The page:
How your sewage reflects how wealthy you are

There’s a lot you can learn from a person’s sewage sludge. In the past, researchers have employed wastewater epidemiology to study trends in drug consumption based on a community’s urine and poop that drains in the sewer. One such study, for instance, found that London has the highest concentration of cocaine in its sewage out of 50 large European cities. Now, a new study used similar methods to gauge the socioeconomic status of different urban communities.

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Researchers in Australia analyzed samples from 22 water treatment plants in six of the country’s states in 2016. The chemicals they found were correlated with 40 different socioeconomic factors for each area, like education, rent price, etc.

Inverse reports that the researchers eventually learned that the wastewater from wealthier communities (where rent was over $470/week) showed higher levels of vitamins, citrus, and fiber, while poorer communities showed higher levels of prescription pain relievers and antidepressant medications.

Some of the prescription drugs that were more present in poorer communities included tramadol, desvenlafaxine, mirtazapine, pregabalin, atenolol. Meanwhile, sewage from wealthier households contained higher levels of proline betaine, a component of citrus flesh, as well as enterodiol and enterolactone, which are plant by-products. These signatures suggest that these households consume more fresh fruits and vegetables than lower-income communities.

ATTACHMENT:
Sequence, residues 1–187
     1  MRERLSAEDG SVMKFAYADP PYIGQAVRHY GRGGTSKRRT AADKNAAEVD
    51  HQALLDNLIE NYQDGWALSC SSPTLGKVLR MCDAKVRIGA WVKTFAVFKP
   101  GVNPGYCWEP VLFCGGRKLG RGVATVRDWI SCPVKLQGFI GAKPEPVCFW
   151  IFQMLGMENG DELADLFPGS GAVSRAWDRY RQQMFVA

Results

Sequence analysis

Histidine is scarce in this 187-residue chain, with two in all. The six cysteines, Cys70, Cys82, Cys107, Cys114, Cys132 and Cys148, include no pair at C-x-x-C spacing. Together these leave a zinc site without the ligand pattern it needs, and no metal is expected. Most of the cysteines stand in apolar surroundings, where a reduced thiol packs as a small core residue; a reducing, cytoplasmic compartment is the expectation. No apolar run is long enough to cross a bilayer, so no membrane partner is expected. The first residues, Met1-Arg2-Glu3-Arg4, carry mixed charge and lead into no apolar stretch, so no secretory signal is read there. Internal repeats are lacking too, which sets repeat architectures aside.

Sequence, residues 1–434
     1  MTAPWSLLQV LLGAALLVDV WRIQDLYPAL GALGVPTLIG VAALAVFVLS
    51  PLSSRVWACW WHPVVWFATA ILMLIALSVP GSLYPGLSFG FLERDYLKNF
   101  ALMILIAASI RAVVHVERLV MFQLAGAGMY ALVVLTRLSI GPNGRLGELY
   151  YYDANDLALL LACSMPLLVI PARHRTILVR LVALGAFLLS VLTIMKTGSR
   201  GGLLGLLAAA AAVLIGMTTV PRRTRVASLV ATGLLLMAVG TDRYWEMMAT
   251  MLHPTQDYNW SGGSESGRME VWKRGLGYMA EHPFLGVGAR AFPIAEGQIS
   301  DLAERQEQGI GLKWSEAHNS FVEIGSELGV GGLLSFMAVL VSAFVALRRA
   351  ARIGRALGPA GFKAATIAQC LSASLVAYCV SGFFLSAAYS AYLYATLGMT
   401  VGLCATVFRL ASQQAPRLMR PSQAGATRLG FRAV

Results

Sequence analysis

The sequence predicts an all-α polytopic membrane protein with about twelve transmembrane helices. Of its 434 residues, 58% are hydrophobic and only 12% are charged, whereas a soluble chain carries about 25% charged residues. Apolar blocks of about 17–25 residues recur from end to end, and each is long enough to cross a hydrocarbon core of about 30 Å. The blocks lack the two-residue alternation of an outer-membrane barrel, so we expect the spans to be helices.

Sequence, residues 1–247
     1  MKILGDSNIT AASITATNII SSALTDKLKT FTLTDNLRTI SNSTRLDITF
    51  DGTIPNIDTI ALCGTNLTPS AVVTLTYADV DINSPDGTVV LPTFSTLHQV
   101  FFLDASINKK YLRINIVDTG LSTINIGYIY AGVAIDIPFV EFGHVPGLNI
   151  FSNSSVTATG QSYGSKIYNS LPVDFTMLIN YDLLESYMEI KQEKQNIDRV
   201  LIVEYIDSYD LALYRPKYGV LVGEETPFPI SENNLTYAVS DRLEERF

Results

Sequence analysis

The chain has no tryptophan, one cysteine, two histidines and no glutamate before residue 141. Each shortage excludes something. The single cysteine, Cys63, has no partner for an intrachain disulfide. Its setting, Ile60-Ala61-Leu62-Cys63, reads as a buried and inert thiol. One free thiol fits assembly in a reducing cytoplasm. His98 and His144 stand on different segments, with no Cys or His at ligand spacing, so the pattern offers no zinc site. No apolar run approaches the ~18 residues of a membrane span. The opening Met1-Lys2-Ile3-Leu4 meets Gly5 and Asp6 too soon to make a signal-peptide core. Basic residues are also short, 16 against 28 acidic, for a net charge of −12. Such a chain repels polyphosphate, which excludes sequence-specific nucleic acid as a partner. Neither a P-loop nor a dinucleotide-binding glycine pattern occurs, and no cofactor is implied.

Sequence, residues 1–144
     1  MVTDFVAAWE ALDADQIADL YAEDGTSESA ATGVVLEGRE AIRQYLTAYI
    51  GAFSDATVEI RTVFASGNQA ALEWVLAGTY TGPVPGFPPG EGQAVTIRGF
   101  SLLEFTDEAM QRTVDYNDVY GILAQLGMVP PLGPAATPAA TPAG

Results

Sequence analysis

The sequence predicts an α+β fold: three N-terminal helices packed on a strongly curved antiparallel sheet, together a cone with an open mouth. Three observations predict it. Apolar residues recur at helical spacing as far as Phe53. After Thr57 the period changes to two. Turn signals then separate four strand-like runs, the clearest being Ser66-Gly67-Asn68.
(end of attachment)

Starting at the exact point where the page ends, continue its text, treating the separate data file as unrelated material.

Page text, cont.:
The sewage of high-income households also had higher levels of vitamins B3, E, and B6 than lower-income communities.

“Our study shows that chemicals in wastewater reflect the social, demographic, and economic properties of the respective populations and highlights the potential value of wastewater in studying the sociodemographic determinants of population health,” the authors wrote in the journal Proceedings of the National Academy of Sciences.

Waste-water epidemiology is still in its infancy, but studies such as these show just how powerful this method can be to tease out all sorts of trends — so powerful that some have criticized it for infringing on people’s privacy, not unlike mass surveillance.

Other scientists are looking at the untapped potential of sewage in different ways. One group has found a cost-effective and environmentally-friendly method that can produce energy from sewage using purple bacteria. Sewer sludge may also be a literally golden opportunity. One study estimated that a city with 1 million inhabitats has as much as $13 million worth of valuable metals, including gold and silver, in its sewage sludge.

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